Blog

}

Viewing post details...

How to use canola oil instead of butter when baking

Who can resist a delicious, gooey chocolate brownie or a red velvet cupcake topped off with a wicked cream cheese frosting? This despite being aware of the need many of us have, more literally than metaphorically, to tighten our belts! Like with most things, desserts too are best in moderation. For those of us with the midnight cake cravings, or the need to nibble on something sweet with a cup of chai, there are some simple things we can do to make our desserts more heart friendly.

Desserts have been getting a bad rap lately, and the biggest culprits behind this are butter and sugar. Yet there’s no need to lose hope, both these ingredients are easily substitutable without compromising on the deliciousness of your dessert.

Butter can be replaced easily by canola oil for most baking purposes, which is what this post will focus on.

Canola oil is a cooking oil derived from the seeds of the canola plant, a member of the mustard family. Unlike other mustard derived oils, canola oil is low in erucic acid, and is completely neutral in flavour. Studies show that Hudson Canola Oil is one of the healthiest, if not the healthiest oil to consume because of several factors. First, it is completely cholesterol and trans-fats free. Secondly, it has one of the lowest levels of saturated fats or “bad fats” amongst all cooking oils, and one of the highest levels of monounsaturated fats or “good fats”. Finally, when you replace any solid fat in your baking such as butter, margarine or shortening by Hudson Canola oil, you are reducing the overall fat content by as much as 20 per cent! No, this isn’t a hoax, simply a very effective cooking oil.

With most cake recipes, butter can be replaced by Hudson Canola oil. However there are some key points to keep in mind while doing so. If the recipe calls for the butter to be melted, it can be replace by an equal amount of canola oil. The substitution is a bit trickier when it comes to using butter in its solid form. Normally, when butter is mixed with eggs, the mixture becomes light and airy and this is one of the key factors in making a cake light and tasty. Butter consists of 80% fat, 20% water and 2% milk solids. Thus when using canola oil instead of butter, use only 80% or 4/5ths of the quantity required. i.e. 80 ml of oil per 100 gms of butter the recipe calls for. Add water to make up the remaining 20% to prevent the cake from getting dry.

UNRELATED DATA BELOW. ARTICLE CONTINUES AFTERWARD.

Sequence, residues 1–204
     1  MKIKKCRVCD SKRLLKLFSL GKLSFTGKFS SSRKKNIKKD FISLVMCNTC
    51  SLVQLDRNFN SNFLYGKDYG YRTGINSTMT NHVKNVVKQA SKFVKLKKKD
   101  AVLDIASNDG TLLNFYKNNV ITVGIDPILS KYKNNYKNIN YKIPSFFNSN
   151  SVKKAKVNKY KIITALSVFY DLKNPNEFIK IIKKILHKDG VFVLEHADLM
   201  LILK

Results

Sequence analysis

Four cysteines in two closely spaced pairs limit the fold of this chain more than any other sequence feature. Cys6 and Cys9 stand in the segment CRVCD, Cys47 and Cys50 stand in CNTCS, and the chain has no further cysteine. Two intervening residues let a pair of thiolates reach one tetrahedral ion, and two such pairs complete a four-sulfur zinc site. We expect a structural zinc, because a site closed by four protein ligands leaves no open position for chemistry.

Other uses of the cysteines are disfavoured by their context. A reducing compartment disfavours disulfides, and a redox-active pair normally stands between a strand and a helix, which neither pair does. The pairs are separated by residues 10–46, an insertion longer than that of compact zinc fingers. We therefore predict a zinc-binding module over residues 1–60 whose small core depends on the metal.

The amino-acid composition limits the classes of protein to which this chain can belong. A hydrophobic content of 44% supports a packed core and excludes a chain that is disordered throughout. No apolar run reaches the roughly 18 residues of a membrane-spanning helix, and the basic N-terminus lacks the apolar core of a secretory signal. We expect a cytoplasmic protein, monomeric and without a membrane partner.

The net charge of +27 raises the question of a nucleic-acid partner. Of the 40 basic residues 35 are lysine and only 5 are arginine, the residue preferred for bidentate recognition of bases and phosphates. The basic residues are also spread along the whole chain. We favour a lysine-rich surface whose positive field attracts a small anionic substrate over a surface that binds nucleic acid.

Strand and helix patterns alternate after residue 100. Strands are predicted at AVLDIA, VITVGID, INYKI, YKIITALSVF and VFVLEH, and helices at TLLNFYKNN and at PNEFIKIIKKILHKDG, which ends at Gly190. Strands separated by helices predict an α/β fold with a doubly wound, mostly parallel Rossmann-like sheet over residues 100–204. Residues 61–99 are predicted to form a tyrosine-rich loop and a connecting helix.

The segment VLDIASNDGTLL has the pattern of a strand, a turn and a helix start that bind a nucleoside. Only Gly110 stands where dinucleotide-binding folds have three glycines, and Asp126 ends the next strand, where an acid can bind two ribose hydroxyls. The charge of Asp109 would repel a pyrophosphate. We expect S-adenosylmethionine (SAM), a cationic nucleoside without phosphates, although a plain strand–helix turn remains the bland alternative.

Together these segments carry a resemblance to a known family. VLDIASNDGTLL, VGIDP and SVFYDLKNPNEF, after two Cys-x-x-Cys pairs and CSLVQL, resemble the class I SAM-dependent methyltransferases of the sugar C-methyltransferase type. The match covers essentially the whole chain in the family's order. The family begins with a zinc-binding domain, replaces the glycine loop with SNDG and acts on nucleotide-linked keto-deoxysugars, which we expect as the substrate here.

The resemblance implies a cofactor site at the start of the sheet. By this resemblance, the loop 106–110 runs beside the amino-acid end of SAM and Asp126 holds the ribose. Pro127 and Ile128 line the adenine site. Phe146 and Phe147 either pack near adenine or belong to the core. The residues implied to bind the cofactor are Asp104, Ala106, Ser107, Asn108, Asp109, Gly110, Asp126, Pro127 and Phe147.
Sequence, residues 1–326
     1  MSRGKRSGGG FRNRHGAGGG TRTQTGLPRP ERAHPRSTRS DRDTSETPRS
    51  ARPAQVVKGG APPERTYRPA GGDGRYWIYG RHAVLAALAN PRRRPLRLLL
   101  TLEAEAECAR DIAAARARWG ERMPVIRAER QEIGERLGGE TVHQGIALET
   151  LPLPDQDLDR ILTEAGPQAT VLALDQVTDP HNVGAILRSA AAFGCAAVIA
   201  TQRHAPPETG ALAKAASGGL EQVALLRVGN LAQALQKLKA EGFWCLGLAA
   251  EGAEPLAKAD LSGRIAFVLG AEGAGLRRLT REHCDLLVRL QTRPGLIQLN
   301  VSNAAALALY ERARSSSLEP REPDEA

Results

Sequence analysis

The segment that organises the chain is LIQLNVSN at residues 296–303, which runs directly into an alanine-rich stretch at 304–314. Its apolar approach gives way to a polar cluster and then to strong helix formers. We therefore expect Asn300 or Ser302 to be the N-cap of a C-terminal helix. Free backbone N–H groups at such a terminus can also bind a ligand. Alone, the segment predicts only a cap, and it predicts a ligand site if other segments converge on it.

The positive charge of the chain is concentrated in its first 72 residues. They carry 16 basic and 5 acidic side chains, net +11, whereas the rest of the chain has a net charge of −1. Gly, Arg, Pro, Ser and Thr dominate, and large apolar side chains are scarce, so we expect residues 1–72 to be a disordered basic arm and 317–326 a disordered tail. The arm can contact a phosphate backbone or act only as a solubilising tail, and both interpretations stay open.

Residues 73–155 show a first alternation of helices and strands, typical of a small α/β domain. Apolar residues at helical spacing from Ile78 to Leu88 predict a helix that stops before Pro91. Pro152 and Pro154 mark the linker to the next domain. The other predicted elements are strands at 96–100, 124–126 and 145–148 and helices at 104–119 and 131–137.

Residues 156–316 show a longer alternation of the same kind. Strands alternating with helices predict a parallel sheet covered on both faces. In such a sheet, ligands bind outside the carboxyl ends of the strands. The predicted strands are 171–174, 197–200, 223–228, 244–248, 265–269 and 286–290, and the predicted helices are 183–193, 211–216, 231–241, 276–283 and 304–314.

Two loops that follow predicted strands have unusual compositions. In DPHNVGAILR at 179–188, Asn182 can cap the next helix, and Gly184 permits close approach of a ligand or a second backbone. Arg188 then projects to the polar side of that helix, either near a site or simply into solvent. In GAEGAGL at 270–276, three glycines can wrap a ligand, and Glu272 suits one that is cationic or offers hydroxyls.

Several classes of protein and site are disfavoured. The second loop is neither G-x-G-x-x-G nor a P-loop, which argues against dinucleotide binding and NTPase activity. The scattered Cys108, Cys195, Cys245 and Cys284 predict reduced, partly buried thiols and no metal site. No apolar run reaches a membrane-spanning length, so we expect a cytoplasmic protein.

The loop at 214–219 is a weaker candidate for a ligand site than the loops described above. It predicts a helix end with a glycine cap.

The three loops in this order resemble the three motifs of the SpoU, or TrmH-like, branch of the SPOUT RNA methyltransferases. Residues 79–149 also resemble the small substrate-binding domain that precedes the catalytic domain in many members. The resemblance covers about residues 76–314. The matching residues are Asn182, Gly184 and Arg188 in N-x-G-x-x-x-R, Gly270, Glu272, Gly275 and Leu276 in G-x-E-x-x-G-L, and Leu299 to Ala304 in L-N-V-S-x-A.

The density of oil is another factor to compensate for. To make your cake as light as it would be when you use butter, it is essential to add more leavening agents such as baking soda, in addition to baking powder. You can also separate some of the egg whites from the yolks and whip them up. Fold the egg whites into your batter last to make your cake lighter.

Hudson Canola oil is completely neutral in taste and odour, thus will only enhance the flavours being used, perfect for strongly flavoured cakes such as lemon or chocolate. For sponge cakes, use a little more vanilla or almond essence to give your cake that extra burst of taste.

Finally, when you use canola oil to bake, your cake will stay moist for longer, even if you refrigerate it. Unlike baking with butter, oil does not dry out so easily, keeping your cakes sinfully moist for a longer duration!

Go ahead, try out some healthy baking with Hudson Canola Oil, and let us know how it turns out!

For more canola oil based recipes, take a look at our blog www.hudsoncanola.com/blog or like us on Facebook www.facebook.com/Hudson.Canola.Oil.

 

 

Be Sociable, Share!

Comments

Comments are closed.

    Open

    Flickr

    Copyright

    © 2012 bakebox.in